Kitchen Party Canada's answer to the slacker flick
By JOHN POWELL
Doing time in high school, Generation X'ers divided our pimple-faced group by musical tastes. Rockers, headbangers smoking their parent's cigarettes at the pool hall, the greaseball sleezebag owner overlooking the underaged smoking as long as you fed his video games silver. Funkers, clothed in Michael Jackson-Thriller jackets, hair inspired by Prince's in Purple Rain. And the Mods. Flock Of Seagulls disciples to whom everything recorded outside the Sceptered Isle was bloody rubbish.
Whichever clique you were a part of, everyone had something in common. We were street smart city kids. We detested the naive brats living in suburbia. Their perfect driveways and perfect sidewalks and perfect green lawns. Identical home next to identical home as though a gigantic photocopier went loco. Plastic-covered, expensive furniture decorating front rooms sealed off tighter than Fort Knox.
Timid mice poking their noses out of their holes, the Stepford children toured big bad downtown once in awhile. Downtown. Our turf. Where we metalheads loitered outside the (rock) T-shirt shops which sold posters, buttons, bongs, roach clips and spiked Rob Halford-Bruce Dickinson armbands. Suburbanite adolescents stood out like undercover narcs at a booming AC/DC concert. Marvelous sights widen Bambi's eyes. Trendy hair-cuts clipped with the precision of professional sculptors. It was as if the cast of Pretty In Pink were in town filming. Posers through and through.
Kitchen Party, the new film by Canada's answer to Richard Linklater - writer/director Gary Burns - confirms the "more things change" dictum. Suburbia's cardboard environment breeds innocuous freak boys and girls.
Scott Speedman, discovered after trying out for the role of Robin in Batman Forever by recording a screen test at City TV's Speaker's Corner, plays the spiritless teen, Scott. Scott's anal-retentive parents have gone to a dinner party so he invites his equally spiritless friends over. The invite list includes the typical teen film fare - the bookworms, sluts, druggies, dorks, junior Don Juans and let's not forget the shy, sensitive chick ( Laura Harris as Tammy).
It's party-hardy time! As party-hardy as suburban kids can get anyway. Rules of the house dictate that Scott can't use the upstairs while his parents are out. His crazy, dope fiend of a brother in the basement and nothing can be a millimeter out of place in the sterilized front room otherwise Mom throws a hairy. The kitchen will house the impromptu get-together.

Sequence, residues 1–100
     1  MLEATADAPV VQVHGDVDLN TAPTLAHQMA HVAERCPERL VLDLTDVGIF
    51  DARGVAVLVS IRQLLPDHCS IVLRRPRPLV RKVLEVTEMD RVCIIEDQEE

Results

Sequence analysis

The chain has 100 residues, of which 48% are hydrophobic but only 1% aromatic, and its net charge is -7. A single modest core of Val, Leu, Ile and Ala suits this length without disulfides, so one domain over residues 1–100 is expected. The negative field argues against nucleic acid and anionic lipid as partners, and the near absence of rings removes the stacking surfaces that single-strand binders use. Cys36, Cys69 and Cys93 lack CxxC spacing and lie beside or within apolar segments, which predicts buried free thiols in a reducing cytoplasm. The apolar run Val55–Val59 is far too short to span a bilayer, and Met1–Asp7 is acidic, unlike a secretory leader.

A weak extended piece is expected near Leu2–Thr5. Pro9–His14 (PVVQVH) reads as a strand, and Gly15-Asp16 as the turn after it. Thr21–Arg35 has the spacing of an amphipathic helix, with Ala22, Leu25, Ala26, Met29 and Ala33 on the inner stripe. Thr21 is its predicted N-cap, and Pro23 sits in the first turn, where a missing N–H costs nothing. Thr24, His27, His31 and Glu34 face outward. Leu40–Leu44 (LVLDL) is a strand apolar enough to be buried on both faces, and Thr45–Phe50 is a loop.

Ghetto blaster cranking out counterfeit Nirvana clones. A couple cases of Canadian beer. The neurotic Scott dashing about cleaning up every crumb and beer spilt. Gee, and I thought Chuck E. Cheese birthday bashes rocked heavy.
Burns' authentic dialogue does tickle the palette persistently. In spite of that, it sure ain't a four course meal. Kitchen Party isn't Hitchcock's Rope or Stillman's Metropolitan. The banter isn't potent enough to support a complete film. To contravene this imperfection, Burns opens the doors to a troubled friend, a loaded gun and a psycho bro on the loose. Playing Scott's soiree opposite the embarrassing mishaps at his parent's dinner party also adds to the rising unease. We understand the two will collide. How or why isn't clear.
There's a special joy to be had observing the teen's sheltered middle-class cave-in upon itself. The wall shielding the fortunate ones from the ugly realities of unemployment, homelessness, crime, poverty and disease; torn down by their own hands. People can erect their gated communities. The human condition carries a skeleton key. You can run but you can't hide.
Scott Speedman x one golf course ruined + a case of Pilsner beer x heavy metal music blaring x a parent for saying: "Welcome to AmberDale!" + the Ultra 2000 Golf Cart - an inferior last half x the tattooed ribbon = Ignorance is bliss.